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Astros-Giants: Bad Calls from Cecil Cooper and Richard Justice

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I wasn’t going to watch last night’s Astros/Giants game, but I turned to the Olympics at 7:00 and discovered that the great minds at NBC apparently thought that men’s synchronized diving was fit for primetime network viewing, so I switched over to Fox with the plan to watch the Astros until the women’s beach volleyball got started. Then I discovered something so monstrous, so disgusting, so inconceivable, that I just couldn’t turn the TV – well, at least until the women’s beach volleyball started.

Ty Wigginton was starting the game. In left field. I just couldn’t believe that Cecil Cooper was starting a mediocre third baseman/first baseman/second baseman in left field. Not when he had the exceptional Darin Erstad available. It made absolutely no sense.


I can’t take it anymore. I vowed to myself that I was going to go the entire year without explicitly stating this, but I just can’t do it. So here it goes:


No, seriously, I mean it. Get rid of his ass. Someone this stupid doesn’t deserve a major league managing job.

It’s not just Wigginton playing in the outfield. It’s his inability to control his pitching staff. It’s his benching his best players in a game against the Yankees with Roy Oswalt on the mound. There’s his continued inability to help the young players become better, and his stubborn insistence that Miguel Tejada gets to play every day. There’s his inability to control his clubhouse. There’s his head scratching tactical decisions that makes one miss Phil Garner.

But finally, there’s his insistence that no matter what, he’s got to play a DH or an infielder in left field every night, despite the fact that Darin Erstad, Michael Bourn and Hunter Pence would all be starting for most of the clubs in the majors.

Yes, I know the Astros won the game 3-1 last night – nice of you to finally show up for the game there, Brandon Backe. And yes I know that the Astros have managed to pull themselves back to .500, but I’m not changing my mind. Cecil Cooper needs to have his ass fired.

The four game series with the Giants continues tonight as Roy Oswalt (9-8, 4.56) goes against my choice for the Cy Young, Tim Lincecum (12-3, 2.68).


I feel that it is my role to provide a little perspective about the Carlos Lee injury, because it doesn’t appear any perspective is being applied over at the Chron. If you’ve been reading the coverage there, then you can be forgiven for thinking that Carlos Lee has been diagnosed with terminal brain cancer. On Sunday we were told about the difficult time Lee was facing and about how he was getting through it because of the help of good friends. Yesterday afternoon, we were told about a “last kiss to his wife Mary” as he was hauled off to surgery, and about how lucky he was that his wife was able to be present. Then there was a post on what a nervous wreck his wife was while he was in surgery.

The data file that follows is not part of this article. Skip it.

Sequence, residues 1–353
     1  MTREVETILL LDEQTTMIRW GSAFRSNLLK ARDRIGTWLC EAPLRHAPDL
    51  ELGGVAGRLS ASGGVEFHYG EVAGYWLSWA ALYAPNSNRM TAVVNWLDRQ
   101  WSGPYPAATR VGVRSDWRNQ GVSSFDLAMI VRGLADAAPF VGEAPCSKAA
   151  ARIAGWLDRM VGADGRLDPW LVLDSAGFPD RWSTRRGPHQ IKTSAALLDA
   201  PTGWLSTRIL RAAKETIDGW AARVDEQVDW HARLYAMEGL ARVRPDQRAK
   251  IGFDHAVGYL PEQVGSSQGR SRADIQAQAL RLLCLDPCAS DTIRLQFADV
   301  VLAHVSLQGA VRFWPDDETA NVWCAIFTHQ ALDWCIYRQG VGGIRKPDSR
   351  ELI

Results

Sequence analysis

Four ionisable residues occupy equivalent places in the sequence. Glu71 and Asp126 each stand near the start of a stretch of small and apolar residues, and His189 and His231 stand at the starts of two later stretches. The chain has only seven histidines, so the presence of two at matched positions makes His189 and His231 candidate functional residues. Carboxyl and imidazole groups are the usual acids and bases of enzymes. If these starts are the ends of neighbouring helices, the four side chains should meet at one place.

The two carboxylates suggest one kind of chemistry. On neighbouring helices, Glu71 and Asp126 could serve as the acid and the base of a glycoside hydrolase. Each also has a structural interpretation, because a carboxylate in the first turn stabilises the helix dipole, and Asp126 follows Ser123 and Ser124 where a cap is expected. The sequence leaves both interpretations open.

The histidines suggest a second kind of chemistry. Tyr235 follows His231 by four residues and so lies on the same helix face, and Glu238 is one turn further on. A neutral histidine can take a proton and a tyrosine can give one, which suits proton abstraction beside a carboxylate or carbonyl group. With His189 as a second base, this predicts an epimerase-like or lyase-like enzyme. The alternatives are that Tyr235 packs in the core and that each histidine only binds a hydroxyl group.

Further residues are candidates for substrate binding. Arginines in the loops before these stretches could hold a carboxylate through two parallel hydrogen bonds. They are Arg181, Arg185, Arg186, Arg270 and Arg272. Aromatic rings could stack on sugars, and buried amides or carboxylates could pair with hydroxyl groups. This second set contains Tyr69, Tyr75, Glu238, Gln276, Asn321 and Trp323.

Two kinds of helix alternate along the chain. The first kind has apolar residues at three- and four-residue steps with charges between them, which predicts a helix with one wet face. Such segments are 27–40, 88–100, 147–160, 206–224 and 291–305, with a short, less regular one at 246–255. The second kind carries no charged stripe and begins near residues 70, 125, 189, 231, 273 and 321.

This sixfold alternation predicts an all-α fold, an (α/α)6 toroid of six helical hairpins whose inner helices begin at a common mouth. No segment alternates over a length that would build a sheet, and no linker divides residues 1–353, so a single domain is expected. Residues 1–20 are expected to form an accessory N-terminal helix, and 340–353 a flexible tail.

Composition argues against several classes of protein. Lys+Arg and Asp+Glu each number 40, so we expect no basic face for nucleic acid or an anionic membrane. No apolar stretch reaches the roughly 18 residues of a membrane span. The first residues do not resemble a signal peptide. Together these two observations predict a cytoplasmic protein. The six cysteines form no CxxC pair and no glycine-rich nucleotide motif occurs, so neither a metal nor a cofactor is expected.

Here’s the thing. Carlos Lee broke his pinky finger. He had surgery to repair the fracture. He’s not dying. He doesn’t have some kind of disease. He’s a rich man having surgery on a finger and he doesn’t have to worry about his insurance company disputing the need for surgery because his left pinky finger is not required to play baseball. Despite what the Chron writes, the injury to Carlos Lee’s pinky finger is not some great tragedy.

So let’s get a grip, people. It’s a pinky finger. It’s not life-or-death. And let’s all be thankful that the Chron didn’t feel this compulsive need to get so up-close when it was Kaz Matsui’s ass that was having surgery.

***************** Speaking of perspective, there was no need for Drayton McLane to call Carlos Lee in the locker room Saturday night, despite what Carlos Lee and Jesus de Jose Ortiz might think. The guy broke his pinky finger. There’s nothing to indicate that McLane called Kaz Matsui when he had his anal fissure, and there’s nothing to indicate that McLane called Humberto Quintero when he was hit in the head by a bat and suffered a concussion, and those injuries are all worse than a broken pinky finger.

Second, because the reporting is sloppy, we don’t even know when McLane was informed of the injury, so at the time that Lee is whining about Drayton not having called him, we don’t even know if McLane has been told of the injury.

But, and again, we’re dealing with a broken pinky finger. I’m sure McLane has more important things to do than to be calling millionaire grownups that have broken pinky fingers. I certainly don’t expect my boss to call me if I break something.

**************** I don’t know how many of you spotted this yesterday, but Richard Justice did it again. He wrote a blog post, and when he changed his mind about what was in the post, and he deleted what he had written and replaced it with something else. This isn’t the first time this happened – I know for damn sure he did it during last season’s Texans/Titans game at Reliant.

I think this is dishonest.

My editor doesn’t let me go changing the tone and content of entire posts – yes, I will have a typo or a wrong/missing word corrected – but if I’m wrong about something, it stays on our Web site. There would have been nothing wrong with Justice’s post about Cecil Cooper saying he was quitting if Barry Bonds was hired, then writing another post to say that Cooper’s quote was wrong, then apologizing. But deleting his post criticizing Cooper for saying he was going to quit, and then replacing it entirely with another post about Cooper’s correct statement is just wrong. – John Royal

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